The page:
We’ve planted gardens, fed Israeli soldiers, volunteered with the army, and I started my own business. John has become a coach of several Little League baseball teams. All in all, it’s been a full life so far. We’re living the dream, as difficult and glorious as it’s been. And look forward to more to come! What a three years!!!

The Wait

Yet another unplanned post-

Living in Israel has been mostly positive. Of course everything has its ups and downs. Being separated from friends and families has been made tolerable due to modern technology: Skype, FaceTime, SMS, Email, the myriad social apps, and our favorites, Viber and WhatsApp that allow one to call or text anywhere in the world for free. We’ve also been host to a fair amount of pilgrims, adventurers and family wanting a home base as they tour our beautiful country. Keeping in touch has never been a problem.

The past week, though, we were thrown headfirst into a most dire and difficult situation that grew beyond our most distressing imaginations. I had bought my ticket back to California last December. With plenty of time before the birth of our first two grandchildren- one due late March, the other at the end of April. My husband was due to follow late April.

A week and a half ago, Tess messaged me photos she had taken of her legs, feet and hands. Swollen so large she could not wear shoes. Her blood pressure was elevated. She was feeling nauseous and dizzy. Despite my pleas to take off work, rest, hydrate, and go to the clinic, she went to work…. for most of the day until she could take it no longer.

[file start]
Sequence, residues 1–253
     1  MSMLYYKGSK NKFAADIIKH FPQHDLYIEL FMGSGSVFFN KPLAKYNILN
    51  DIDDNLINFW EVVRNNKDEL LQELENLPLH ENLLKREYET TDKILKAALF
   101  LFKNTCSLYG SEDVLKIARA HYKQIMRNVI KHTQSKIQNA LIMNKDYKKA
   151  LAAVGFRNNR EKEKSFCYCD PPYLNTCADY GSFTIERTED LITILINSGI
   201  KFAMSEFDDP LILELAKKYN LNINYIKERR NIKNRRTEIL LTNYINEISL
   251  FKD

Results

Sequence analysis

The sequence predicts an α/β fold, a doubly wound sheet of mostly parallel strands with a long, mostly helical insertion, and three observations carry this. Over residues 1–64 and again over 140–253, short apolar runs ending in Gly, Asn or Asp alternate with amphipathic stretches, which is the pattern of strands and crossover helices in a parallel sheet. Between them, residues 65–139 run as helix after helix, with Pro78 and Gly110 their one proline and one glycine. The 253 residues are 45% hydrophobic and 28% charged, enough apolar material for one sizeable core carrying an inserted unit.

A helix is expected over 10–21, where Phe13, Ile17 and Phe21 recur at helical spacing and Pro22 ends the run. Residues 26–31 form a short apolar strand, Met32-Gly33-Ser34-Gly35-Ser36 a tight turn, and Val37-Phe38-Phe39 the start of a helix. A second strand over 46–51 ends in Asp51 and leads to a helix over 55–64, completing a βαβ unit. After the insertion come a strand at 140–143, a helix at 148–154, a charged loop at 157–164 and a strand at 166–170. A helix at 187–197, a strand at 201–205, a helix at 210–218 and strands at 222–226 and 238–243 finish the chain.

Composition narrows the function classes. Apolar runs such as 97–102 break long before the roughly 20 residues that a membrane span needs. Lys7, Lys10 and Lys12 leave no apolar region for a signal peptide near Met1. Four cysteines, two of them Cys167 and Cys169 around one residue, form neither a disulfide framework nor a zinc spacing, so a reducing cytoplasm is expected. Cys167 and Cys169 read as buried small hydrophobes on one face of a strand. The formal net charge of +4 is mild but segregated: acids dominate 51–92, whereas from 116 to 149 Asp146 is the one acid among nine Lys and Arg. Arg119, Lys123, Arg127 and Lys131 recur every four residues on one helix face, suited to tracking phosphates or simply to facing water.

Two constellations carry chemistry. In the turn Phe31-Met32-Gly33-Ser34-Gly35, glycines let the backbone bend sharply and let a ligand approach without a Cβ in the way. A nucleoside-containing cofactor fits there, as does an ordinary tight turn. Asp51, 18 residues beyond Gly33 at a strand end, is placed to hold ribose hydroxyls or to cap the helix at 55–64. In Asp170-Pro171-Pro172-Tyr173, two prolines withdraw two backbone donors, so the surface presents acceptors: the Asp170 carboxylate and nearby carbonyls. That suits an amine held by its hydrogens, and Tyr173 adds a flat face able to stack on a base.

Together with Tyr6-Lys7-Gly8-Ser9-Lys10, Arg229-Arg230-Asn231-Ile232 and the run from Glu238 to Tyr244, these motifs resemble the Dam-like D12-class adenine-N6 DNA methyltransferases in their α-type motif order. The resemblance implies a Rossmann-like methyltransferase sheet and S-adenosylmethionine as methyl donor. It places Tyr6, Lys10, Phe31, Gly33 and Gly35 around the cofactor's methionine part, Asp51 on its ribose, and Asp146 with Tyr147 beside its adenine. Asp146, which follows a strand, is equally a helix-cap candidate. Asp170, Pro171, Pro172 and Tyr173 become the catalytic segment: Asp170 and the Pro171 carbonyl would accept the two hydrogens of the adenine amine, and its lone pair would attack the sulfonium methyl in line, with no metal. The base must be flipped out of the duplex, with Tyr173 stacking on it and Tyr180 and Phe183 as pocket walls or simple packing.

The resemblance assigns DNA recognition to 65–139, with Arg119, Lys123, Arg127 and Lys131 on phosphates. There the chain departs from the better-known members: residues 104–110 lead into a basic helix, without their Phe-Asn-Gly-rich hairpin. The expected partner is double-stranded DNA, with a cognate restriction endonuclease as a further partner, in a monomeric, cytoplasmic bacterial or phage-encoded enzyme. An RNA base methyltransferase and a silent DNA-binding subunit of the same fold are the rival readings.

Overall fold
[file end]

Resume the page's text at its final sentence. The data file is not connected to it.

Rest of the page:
That night, she and Michael made the trip to UCLA Medical Center, thank G-d, a top level hospital! As I had suspected, she had preeclampsia and her BP was sky high. After a small seizure, she was put on morphine, but her and the baby’s heartbeats and blood pressure plummeted so they gave her norepinephrine. They wanted to get the baby delivered, so pitocin was started along with a whole host of other meds. That’s when we got the phone call.

John and I were beside ourselves. Me, especially, since I was to be present at the delivery. We could only pray, wait, and give them our “attaboys.” The long night for us passed with no news. Finally, late morning, calls from older sister who was taking my place as L&D coach. Tessa was ready to push, but having a really hard time.

No word. We are on pins and needles, but praying. My strictness in observing the Sabbath without phone in hand had been thrown out the window hours ago. Three hours later. Finally!! There are problems. Baby stuck and they have to try to turn it manually. More pushing. We are praying now harder than ever, our pleas ascending to G-d from the Holy Land. Two more hours. No word.